Then back to the reality of trying to see through the Middlesex strategy and build that medium to long term future for the club. Success should, of course, make some aspects of the strategy easier to implement, as long as we can avoid the complacency that sometimes comes with success. I think we have a good chance of going from strength to strength; there are enough wise heads around and the club seems hungry for more success.
For pity’s sake, Ged, live in the now for once. What a day. What a week. What a month. What a season.
Ged gets his hands on the trophy
The Great Jack Morgan is still savouring the big win
B Duckett becomes the first to win both the PCA Player of the Year and the Young Player of the Year in the same season. C Woakes was the Test Player of the Summer. The PCA team of the year was A Lyth, K Jennings, B Duckett, J Root, J Bairstow, L Dawson, T Bresnan, C Woakes, K Barker, TSRJ, J Patel, 4 from Yorks, 3 from Warks and 1 from Middlesex!
Here are the first class figures for 2016 for the leading Middlesex players (all first class matches included). 1993 figures are Championship matches only.
Batting (qual 100 runs) 2016 1993
Runs Average Runs Average
A Voges 388 77.6 M Gatting 981 65.4
G Bailey 284 71.0 J Emburey 638 49.07
J Fuller 129 64.5 P Weekes 144 48.0
N Gubbins 1409 61.26 J Carr 848 47.11
S Robson 899 44.95 K Brown 714 42.0
S Eskinazi 609 43.50 D Haynes 793 39.65
J Simpson 779 43.28 M Ramprakash 813 38.71
D Malan 951 43.23 M Roseberry 679 33.95
J Franklin 641 42.73 M Feltham 288 19.2
P Stirling 199 33.17 M Keech 137 17.12
TSRJ 327 32.7 N Williams 140 14.0
J Harris 207 29.57 P Tufnell 113 12.55
N Compton 487 25.63 A Fraser 106 8.83
T Murtagh 168 21.0
S Finn 139 11.58
Bowling (qual 10 wkts)
O Rayner 51 23.43 N Cowans 15 13.46
H Podmore 17 27.35 J Emburey 68 18.39
TSRJ 54 28.2 P Tufnell 59 20.5
T Murtagh 43 28.53 A Fraser 50 24.38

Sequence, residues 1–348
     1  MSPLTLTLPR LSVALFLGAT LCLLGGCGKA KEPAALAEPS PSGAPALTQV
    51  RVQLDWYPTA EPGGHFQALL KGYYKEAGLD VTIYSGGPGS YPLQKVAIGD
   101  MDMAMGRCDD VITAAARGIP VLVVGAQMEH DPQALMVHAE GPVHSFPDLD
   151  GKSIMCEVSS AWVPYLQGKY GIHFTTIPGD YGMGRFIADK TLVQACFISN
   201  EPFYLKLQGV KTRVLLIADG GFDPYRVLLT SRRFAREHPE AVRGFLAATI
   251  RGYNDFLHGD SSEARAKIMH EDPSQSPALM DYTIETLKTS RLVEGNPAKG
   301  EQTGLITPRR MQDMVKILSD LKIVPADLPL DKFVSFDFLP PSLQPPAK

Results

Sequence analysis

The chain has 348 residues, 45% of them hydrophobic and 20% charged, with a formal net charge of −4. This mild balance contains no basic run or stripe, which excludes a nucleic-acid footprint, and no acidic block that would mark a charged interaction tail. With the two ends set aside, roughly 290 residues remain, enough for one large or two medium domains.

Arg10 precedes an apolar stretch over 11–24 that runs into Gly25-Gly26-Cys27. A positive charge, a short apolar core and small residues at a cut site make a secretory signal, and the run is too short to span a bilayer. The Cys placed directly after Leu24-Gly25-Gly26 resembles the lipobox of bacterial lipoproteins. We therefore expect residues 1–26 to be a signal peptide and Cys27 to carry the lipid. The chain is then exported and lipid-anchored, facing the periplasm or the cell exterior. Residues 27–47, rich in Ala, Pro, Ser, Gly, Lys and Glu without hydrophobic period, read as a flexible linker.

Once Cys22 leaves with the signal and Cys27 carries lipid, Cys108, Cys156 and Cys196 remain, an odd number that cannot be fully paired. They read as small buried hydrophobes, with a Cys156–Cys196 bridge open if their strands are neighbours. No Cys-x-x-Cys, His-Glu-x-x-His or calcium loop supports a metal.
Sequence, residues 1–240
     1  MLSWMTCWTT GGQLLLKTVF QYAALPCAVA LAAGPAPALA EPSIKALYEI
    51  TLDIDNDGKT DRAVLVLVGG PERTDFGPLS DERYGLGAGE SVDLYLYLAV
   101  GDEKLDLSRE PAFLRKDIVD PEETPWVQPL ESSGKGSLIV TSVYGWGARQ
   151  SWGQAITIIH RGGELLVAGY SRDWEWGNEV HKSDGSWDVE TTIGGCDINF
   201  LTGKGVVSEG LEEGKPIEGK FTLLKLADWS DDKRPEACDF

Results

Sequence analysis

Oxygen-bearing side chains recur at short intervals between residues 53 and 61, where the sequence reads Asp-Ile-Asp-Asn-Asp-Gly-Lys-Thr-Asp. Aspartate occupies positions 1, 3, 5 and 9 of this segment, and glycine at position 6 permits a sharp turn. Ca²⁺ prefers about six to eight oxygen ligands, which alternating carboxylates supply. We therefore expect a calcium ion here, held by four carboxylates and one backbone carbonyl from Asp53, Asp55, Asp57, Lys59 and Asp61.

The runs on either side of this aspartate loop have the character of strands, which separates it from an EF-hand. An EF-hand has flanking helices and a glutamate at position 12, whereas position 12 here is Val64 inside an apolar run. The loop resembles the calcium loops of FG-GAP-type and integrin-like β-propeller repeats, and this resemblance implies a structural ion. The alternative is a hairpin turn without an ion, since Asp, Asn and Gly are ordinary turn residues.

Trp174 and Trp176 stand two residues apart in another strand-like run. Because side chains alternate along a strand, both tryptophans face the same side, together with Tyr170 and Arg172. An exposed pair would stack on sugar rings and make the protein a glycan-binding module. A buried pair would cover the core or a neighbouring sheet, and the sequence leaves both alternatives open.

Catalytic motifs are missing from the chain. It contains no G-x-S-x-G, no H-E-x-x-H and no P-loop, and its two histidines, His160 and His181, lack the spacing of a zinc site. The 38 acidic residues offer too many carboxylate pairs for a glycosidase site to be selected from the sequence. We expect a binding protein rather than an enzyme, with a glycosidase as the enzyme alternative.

J Fuller 12 32.75 N Williams 39 28.12
S Finn 43 33.98 M Feltham 29 31.2
J Harris 17 53.24
J Franklin 11 58.64
Fielding (qual 10 victims)
J Simpson 45/1 K Brown 37/6
O Rayner 16 J Carr 39
S Robson 16 J Emburey 18
N Compton 10 M Ramprakash15
M Gatting 11
It is interesting to compare Ollie's bowling record with those selected for the Test tour: G Batty 41 wkts at 31.21, Z Ansari 22 @ 31.4 (both of those bowl at the spin-friendly Oval) and Rashid 32 @ 33.84. I have no comparable figures for Moeen as he hardly ever plays county cricket.
Embers had a decent season didn’t he? Averaging 49 with the bat, 18 with the ball and the second most catches by a non-keeper! I bet Gus was gutted to be below Tuffers in both batting and bowling!
21,595 attended the Championship finale at Lord's which is reportedly "the most in a Championship match at Lord's since 1966", but how do they know: I do not think there have ever been accurate figures in the past. This season all members had their cards scanned on entry so they knew how many were there, but this has never happened before, so how could there be accurate records?
My old friend Mick Cope must live in some fairy tale dream land if he thinks that Middlesex and Yorkshire might have just sat back, played out a dull draw and handed the title (and the glory and the prize money) to Somerset, when they had the opportunity to create an exciting finish to the season and give both teams a chance to take the Championship (and the kudos and the cash).